The Government needs urgently to deliver on its promise to improve sports facilities and coaching in schools, writes Trevor Brooking
England's football team takes to the field against France this Sunday in a match that will tell us much about the current health of the national game.
If England wins and David Beckham goes on to lift the Euro 2004 trophy in three weeks' time, the boost to the national game will be phenomenal.
But while Sven-Goran Eriksson has crossed his fingers about his players'
form and fitness, another contest has taken place over the past few months which could have an even greater impact on sport as a whole.
In the corridors of Whitehall, ministers, civil servants and sporting organisations have been debating how much money should be invested in our sporting infrastructure over the next three years.
The outcome of the Government's spending review will give a real idea about how committed it is to improving grassroots sport and show if ministers have learned from recent past mistakes. Additional resources are needed, not just for our nation's sporting future but to tackle what MPs describe as an "epidemic" in child obesity. Sport also has a powerful role to play in re-engaging disaffected young people, improving behaviour and boosting academic standards.
Ministers must provide money for the high-quality school and community facilities, well-trained coaches and teachers that are vital to sport in this country. Schools are crying out for good coaches who understand the need to engage young people of all abilities in sport.
Primary schools are absolutely critical. Any skill I had as a footballer was already there when I left primary school. Yet, most primary teachers have only the bare minimum of physical education training. For too many children, a typical PE lesson is catching, throwing, skipping or bean-bag racing. This is not good enough.
We need to reach children while they are at their most impressionable, excitable and enthusiastic. By the time they reach secondary school, it is too late. At secondary level, football clubs have helped to fill the void left by the sharp reduction in school sport during the 1980s. Many of these clubs are run by parents who volunteer their services selflessly every weekend, but who don't always have recognised modern coaching qualifications.
We need a greater number of trained coaches to ensure that children can enjoy football and develop their skills free from the fear of being hollered at by angry parents who too often put short-term results first.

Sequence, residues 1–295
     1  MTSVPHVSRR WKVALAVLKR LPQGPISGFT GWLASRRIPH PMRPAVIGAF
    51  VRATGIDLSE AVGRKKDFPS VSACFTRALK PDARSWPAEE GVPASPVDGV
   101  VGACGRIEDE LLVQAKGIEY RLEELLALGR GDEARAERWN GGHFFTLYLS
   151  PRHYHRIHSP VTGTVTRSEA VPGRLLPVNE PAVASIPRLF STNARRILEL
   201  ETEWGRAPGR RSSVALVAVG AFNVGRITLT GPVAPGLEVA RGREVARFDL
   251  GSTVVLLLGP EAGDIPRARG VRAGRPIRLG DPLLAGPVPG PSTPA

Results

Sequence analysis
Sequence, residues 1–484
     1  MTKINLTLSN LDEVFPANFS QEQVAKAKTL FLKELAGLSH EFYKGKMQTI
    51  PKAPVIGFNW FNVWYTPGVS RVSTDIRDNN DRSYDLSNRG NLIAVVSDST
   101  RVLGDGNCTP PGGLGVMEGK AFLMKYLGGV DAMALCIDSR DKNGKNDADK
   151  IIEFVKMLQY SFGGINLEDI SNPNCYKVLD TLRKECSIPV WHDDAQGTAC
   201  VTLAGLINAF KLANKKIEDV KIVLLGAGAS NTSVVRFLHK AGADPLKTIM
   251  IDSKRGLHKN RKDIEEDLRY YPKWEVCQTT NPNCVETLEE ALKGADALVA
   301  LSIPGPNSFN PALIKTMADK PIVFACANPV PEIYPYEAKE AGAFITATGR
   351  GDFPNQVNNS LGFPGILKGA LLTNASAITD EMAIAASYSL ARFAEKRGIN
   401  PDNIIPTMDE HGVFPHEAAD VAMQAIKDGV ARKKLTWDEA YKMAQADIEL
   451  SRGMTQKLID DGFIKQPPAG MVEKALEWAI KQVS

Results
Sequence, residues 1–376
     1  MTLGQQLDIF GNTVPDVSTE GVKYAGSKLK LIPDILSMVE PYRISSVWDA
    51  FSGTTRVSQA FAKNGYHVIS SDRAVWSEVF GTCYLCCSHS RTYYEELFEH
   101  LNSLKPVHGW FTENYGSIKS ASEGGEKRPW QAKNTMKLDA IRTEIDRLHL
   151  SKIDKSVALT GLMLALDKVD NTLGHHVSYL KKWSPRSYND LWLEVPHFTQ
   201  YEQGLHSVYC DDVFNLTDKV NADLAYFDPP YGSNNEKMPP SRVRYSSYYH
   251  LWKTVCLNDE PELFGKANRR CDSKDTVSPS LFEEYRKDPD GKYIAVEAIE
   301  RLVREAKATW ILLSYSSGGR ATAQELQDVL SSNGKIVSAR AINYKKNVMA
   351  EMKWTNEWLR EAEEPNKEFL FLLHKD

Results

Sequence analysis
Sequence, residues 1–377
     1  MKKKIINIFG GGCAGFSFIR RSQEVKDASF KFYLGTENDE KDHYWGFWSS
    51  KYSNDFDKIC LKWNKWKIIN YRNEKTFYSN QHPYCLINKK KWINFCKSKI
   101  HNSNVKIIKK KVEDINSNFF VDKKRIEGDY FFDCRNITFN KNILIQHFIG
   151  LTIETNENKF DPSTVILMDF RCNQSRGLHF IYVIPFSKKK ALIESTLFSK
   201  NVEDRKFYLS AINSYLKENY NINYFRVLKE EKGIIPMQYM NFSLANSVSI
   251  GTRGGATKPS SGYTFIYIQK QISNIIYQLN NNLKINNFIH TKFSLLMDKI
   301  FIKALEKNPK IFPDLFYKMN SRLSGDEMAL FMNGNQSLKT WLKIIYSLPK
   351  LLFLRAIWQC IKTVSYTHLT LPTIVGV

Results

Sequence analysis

Coaches can also provide much needed role models for primary pupils.
During the past three years, the Football Association has invested pound;6 million in our Top Sport programme, which offers training for primary teachers to help them to develop football in their schools. By the end of the year, every school in the country will have had the chance to take part.
We also run a junior football organisers' course which instills responsiblity in 14 to 18-year-olds by providing them with leadership skills to organise safe and appropriate activities for younger children.
Now the Government must work with sports governing bodies to ensure that the high-quality coaches - necessary to make its school sports co-ordinator programme a success - are there.
But coaches can only do so much without the high standard of facilities available in many other European countries. The FA estimates that pound;2 billion is needed to bring every football pitch in the country up to an acceptable standard.
The promise made by Tony Blair at Labour's 2000 conference of a pound;750 million lottery bonanza for grass-roots facilities raised the hopes of all in sport. But the reality has been different.
In my former role as chair of Sport England, I watched frustrated as the New Opportunities Fund took 18 months to appoint its own staff to allocate the money, despite the fact that we could have done it for them in a fraction of the time.
We must avoid the bureaucratic delays of the past. Every local authority should be given ring-fenced funding to provide facilities. Each area should have its own hub with state-of-the-art sports facilities. Where appropriate these should be based in schools but open to the wider community in the evenings and at weekends.
But if the money is to be used wisely, ministers need to listen to sports governing bodies who know where investment is needed. A start is being made with county FAs and local football partnerships drawing up strategic investment plans, prioritising areas of most need. Targets to raise participation and to improve this country's sporting future can only be met if the money goes to the right place.
Trevor Brooking is the Football Association's director of football development and, as a player, won 47 caps for England between 1974 and 1982